• Medications: medications such as pilocarpine (stimulates saliva) or cevimeline (relieves dry eyes and mouth) may be prescribed to alleviate symptoms of dry mouth or dry eyes. Anti-inflammatory medications such as non-steroidal anti-inflammatory drugs (NSAIDs) or corticosteroids may be prescribed to reduce joint pain and inflammation. Corticosteroids may be administered via joint injections. Other medications like immunosuppressive drugs may be prescribed for severe cases to suppress the immune system and control inflammation and organ involvement.
  • Dental care: regular dental check-ups and preventive care are crucial to manage oral health and prevent tooth decay and gum disease.
  • Managing systemic complications: if Sjogren’s syndrome affects your kidneys or lungs, your treatment plan may be directed at managing those complications.
  • Lifestyle adjustments: lifestyle changes such asusing a humidifier to combat dry air or practising good dental hygiene to prevent oral issues are some ways to alleviate Sjogren’s syndrome symptoms.

It is important to remember that the treatment plan for Sjogren’s syndrome is highly individualised.

Make an appointment with Asia Arthritis Rheumatology Centre where we prioritise our patient’s health by ensuring accurate diagnosis and personalised treatment.

Frequently Asked Questions

Can Sjogren’s syndrome be cured?

No, there is currently no cure for Sjogren’s syndrome. However, the right treatment plan specific to your unique needs helps to manage symptoms, improve your quality of life, and prevent complications associated with Sjogren’s syndrome.

Can I lead a normal life with Sjogren’s syndrome?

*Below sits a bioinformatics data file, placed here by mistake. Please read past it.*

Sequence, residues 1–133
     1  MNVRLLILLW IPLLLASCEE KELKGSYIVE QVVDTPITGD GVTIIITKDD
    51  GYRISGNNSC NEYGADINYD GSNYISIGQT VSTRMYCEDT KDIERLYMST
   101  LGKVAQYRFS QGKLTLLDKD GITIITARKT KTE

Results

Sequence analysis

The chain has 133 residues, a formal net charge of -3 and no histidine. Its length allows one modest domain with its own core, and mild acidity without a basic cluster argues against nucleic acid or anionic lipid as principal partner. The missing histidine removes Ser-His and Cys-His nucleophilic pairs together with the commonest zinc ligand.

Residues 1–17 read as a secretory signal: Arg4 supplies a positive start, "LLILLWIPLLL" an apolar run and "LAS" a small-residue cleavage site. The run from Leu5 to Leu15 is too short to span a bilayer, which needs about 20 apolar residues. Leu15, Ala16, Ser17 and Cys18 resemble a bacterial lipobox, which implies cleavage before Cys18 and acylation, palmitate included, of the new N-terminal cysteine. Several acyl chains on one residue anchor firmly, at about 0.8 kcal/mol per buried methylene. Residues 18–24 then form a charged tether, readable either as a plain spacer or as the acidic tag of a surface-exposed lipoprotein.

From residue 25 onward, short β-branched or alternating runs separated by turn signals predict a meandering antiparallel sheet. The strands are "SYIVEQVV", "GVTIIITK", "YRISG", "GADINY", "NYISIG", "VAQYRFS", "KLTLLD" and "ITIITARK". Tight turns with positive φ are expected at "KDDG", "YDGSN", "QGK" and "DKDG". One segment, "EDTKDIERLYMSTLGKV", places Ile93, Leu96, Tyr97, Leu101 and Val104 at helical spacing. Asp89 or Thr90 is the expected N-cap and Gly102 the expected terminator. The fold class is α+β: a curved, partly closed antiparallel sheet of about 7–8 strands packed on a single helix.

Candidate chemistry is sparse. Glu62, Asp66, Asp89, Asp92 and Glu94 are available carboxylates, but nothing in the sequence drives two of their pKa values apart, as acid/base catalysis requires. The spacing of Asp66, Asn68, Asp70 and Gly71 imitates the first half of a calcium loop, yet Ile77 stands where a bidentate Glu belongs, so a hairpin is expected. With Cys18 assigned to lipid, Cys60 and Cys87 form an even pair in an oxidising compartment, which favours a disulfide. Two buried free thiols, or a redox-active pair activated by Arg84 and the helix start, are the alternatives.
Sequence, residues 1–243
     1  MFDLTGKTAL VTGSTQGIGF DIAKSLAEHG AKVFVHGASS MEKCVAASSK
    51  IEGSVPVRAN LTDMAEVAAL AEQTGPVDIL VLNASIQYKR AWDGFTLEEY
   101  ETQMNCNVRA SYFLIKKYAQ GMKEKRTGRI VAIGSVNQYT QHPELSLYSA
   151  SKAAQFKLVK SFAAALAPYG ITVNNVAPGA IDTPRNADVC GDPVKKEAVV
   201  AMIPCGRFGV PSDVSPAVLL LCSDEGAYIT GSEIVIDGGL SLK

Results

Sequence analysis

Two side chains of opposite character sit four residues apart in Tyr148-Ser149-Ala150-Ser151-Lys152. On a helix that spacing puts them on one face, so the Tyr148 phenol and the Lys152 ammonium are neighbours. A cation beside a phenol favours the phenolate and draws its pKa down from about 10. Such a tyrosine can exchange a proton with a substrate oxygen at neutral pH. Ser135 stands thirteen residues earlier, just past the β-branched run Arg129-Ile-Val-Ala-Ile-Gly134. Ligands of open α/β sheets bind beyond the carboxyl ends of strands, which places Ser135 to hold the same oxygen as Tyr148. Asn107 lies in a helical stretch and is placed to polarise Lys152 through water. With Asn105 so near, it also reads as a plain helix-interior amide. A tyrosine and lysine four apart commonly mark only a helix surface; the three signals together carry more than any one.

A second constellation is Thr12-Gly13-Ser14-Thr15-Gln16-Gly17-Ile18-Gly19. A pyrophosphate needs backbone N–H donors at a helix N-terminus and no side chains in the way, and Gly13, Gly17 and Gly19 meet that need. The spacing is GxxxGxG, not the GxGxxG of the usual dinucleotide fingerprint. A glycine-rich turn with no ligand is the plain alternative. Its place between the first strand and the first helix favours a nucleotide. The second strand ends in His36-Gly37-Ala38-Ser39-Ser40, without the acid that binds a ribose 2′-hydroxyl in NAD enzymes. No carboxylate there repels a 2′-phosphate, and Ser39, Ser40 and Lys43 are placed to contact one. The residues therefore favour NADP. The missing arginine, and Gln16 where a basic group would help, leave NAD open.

With proper management and treatment from a rheumatologist, you can lead a fulfilling life with Sjogren’s syndrome. While there may be challenges, symptom control and lifestyle adjustments can help you maintain a good quality of life.

Can Sjogren’s syndrome lead to other health complications?

Yes, Sjogren’s syndrome can lead to various health complications. This includes dental issues, lung problems, and an increased risk of lymphoma (a type of cancer that affects the lymphatic system, a part of the body's immune system). Regular medical care and symptom management are crucial to mitigate these risks.

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Dr Annie Law

Senior Consultant Rheumatologist
FAMS (Rheumatology)

Dr Annie Law is an experienced Senior Consultant Rheumatologist and Medical Director at Asia Arthritis & Rheumatology Centre.

She leads subspecialty SLE clinics, showcasing her dedication to lupus care. Dr Annie Law has been duly recognised for patient-oriented care, earning multiple awards. Her extensive education includes FAMS (Rheumatology) and MRCP (General Medicine). Actively involved in lupus research, she established a lupus database and contributed to paramount protein therapy discoveries. Dr Law is a committed medical educator, holding faculty positions and receiving accolades for her teaching. Her impactful contributions extend to the professional organisation for rheumatology in Singapore exemplifying deep commitment to advancing rheumatology knowledge.